There can be little doubt that the Man Booker judges picked a real winner in awarding this year’s prize to Lincoln in the Bardo by George Saunders [London: Bloomsbury, 2017]. This is a highly original and beautifully written book.
The author recounts the twenty-four hours that covered the sad death of Willie Lincoln, 10-year-old son of the President of the United States, Abraham Lincoln. Saunders draws on a host of contemporary sources using often only one line quotations (all fully cited) to build a picture of the scene and the times from a great variety of people. Interwoven through the chapters, however, are the voices of the ‘souls’ in the ‘bardo (a Tibetan word for limbo apparently) who populate the graveyard and who have a completely different perspective on what is happening. I doubt if anyone who has not already read a far too revealing review will be able to imagine the original, imaginative and poetic way this is done. In my time I have read not a few books and I have never read one like this before.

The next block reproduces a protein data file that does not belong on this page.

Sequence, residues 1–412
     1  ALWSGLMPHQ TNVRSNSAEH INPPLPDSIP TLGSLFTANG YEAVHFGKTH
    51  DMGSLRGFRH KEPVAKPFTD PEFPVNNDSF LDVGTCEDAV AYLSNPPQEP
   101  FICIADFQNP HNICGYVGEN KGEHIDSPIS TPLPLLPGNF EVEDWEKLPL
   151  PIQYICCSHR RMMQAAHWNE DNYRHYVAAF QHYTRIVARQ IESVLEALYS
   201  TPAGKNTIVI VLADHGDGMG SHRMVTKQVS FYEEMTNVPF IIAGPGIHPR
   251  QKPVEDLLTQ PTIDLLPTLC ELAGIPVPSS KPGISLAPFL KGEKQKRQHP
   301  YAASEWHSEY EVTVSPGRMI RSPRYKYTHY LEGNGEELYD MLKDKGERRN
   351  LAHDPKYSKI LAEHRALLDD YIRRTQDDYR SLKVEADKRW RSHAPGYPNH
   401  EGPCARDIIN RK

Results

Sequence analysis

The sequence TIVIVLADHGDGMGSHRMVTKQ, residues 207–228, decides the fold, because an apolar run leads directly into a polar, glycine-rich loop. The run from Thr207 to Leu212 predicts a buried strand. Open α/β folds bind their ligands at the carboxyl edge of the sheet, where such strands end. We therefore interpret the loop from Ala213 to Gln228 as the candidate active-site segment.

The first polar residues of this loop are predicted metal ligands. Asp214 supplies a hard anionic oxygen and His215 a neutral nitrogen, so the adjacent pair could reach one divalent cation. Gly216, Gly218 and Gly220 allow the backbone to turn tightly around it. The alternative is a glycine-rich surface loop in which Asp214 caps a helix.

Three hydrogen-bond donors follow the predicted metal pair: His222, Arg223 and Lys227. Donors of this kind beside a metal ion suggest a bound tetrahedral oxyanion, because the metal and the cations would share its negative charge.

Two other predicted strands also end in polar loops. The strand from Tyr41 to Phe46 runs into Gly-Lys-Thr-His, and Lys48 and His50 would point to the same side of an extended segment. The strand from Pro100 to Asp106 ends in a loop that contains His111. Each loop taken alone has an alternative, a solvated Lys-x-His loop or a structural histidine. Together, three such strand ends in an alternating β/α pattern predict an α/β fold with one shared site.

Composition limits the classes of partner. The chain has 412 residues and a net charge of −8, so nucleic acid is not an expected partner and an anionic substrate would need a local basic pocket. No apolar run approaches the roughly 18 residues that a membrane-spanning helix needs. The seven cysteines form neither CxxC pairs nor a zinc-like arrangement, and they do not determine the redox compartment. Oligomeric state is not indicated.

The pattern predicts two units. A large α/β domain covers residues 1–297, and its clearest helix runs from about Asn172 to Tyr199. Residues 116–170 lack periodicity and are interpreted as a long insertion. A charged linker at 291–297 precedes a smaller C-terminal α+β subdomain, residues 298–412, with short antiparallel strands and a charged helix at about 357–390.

Apart from the author’s sheer inventiveness, the quality of the language is amazing. Let me illustrate it with one mood-setting passage from near the end.
Though the things of the world were strong with me still. / Such as, for example,: a gaggle of children trudging through a side-blown December flurry; a friendly match-share beneath some collision-tilted streetlight; a frozen clock, bird-visited within its high tower; cold water from a tin jug; towelling off one’ clinging shirt post-June rain. / Pearls, rags, buttons, rug-tuft, beer-froth. / Someone’s kind wishes for you; someone remembering to write; someone noticing that you are not at all at ease. / A bloody roast death-red on a platter; a hedgetop under-hand as you flee late to some chalk-and-woodfire-smelling schoolhouse.
Those delicious hyphenated descriptors put me so much in mind of Dylan Thomas and the whole narrative stands comparison with Under Milk Wood. Buy this and revel in it!